The use of the Babylonian war machine upon the people may seem harsh. However, it actually points to a God who will not ultimately be deterred by their bad choices. Rather than simply turning away, God stubbornly opts to continue offering God’s covenant people opportunities for new choices rather than to simply and forever turn away from them. The threat is real, the armies are coming. How will the people respond?
There are two options. In the face of the approaching might of Babylon, the people can choose to trust in human might, to seek strength in mortals and flesh, remaining turned away from God and all that God offers. The result is that they are cursed. In other words, they’ve had it. They will be like a shrub trying to survive in a desert, a parched place, a salt land. (Although there may even here be a hint at possible restoration in the phrase “when relief comes” in verse 6.)
Then there are those who will trust in the Lord. These shall be blessed. In other words, they will make it. As indicated by the phrases “when heat comes” and “in the year of drought” (verse 8), these will not be sheltered from all difficulty. However, because their ultimate source of trust and strength is the Lord, they shall be as a tree who can endure such things because its roots are near a stream. Thus, its leaves stay green and it does not cease bearing fruit.4
Verse 9 does not inspire much hope or confidence in the choices of humans. The heart, the deepest, most inner and directive part of the person, is described as “perverse,” such that no one can understand it. That is, no one except God. It is a bit unnerving to realize that God is able to look into the innermost part of our beings and see, totally uncensored, what’s there. But once again, this is a God who, thankfully, does not turn away from us. As painful as the covenant injuries we inflict are, as terrible as they must be to look upon in our heart of hearts, God continues to refuse to turn away.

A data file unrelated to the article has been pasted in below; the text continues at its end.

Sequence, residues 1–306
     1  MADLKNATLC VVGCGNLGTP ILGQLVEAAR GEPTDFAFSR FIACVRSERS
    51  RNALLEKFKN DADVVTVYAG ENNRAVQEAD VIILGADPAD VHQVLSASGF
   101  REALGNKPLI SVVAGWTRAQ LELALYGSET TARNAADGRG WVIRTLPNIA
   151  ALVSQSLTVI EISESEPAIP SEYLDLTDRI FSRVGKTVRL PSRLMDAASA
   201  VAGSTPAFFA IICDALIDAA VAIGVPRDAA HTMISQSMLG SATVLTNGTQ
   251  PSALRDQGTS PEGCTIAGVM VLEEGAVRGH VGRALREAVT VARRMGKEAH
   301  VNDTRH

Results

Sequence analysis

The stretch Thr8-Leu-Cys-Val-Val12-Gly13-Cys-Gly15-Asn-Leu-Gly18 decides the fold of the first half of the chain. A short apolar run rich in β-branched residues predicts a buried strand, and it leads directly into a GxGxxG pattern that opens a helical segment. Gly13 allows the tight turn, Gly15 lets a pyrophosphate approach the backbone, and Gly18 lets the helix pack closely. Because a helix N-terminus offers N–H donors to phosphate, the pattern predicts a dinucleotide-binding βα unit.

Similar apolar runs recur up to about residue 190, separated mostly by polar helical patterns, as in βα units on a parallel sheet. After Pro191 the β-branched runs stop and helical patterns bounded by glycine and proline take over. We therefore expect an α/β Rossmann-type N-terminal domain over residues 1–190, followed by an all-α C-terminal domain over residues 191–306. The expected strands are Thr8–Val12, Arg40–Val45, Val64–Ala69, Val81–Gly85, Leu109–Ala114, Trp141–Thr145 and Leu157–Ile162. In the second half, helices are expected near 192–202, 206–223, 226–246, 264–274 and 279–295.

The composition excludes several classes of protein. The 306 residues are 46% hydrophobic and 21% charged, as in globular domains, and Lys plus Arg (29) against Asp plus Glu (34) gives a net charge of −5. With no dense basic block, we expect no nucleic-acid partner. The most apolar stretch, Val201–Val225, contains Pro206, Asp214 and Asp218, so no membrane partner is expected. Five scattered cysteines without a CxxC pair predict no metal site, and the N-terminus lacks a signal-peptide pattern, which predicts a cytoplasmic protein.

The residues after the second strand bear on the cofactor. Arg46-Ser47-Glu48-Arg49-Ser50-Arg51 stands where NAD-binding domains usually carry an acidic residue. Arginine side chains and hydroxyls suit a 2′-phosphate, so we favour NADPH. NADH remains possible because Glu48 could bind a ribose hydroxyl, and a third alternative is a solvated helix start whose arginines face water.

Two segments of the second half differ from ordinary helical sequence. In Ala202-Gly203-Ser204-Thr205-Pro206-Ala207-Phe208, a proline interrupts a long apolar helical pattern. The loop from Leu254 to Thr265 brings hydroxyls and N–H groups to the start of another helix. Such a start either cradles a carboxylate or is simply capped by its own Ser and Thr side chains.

Sin makes its mark upon the human heart, even with the force of an iron pen and the depth of a diamond point.5 Nevertheless, Jeremiah also testifies to a promised day when God will overwrite those marks with a new covenant, inscribing God’s law upon the human heart so that humans will no longer turn away from the God who never turned away from them.6
- The book of Job vividly illustrates another problem with the apparent simplicity of the two-ways view of life. Even if the “correct” way is chosen, the outcomes are not guaranteed to correspond with what would be expected.
- See for example Jeremiah 1:15, 4:6, 5:15 where God “calls” and “brings” the threat from the north.
- Very noteworthy at this point is that God later will in fact stir up and bring an army against Babylon as a means of accomplishing God’s purpose relative to God’s chosen people. See Jeremiah 50:9 and 51:1.
- Interestingly, the verb here, though of a different root than the one used in verse five, also means “depart” or “turn away.” Thus, the tree experiencing drought, but whose roots are near a stream, will not “turn away from making fruit” (my translation).
- Jeremiah 17:1
- Jeremiah 31:31-34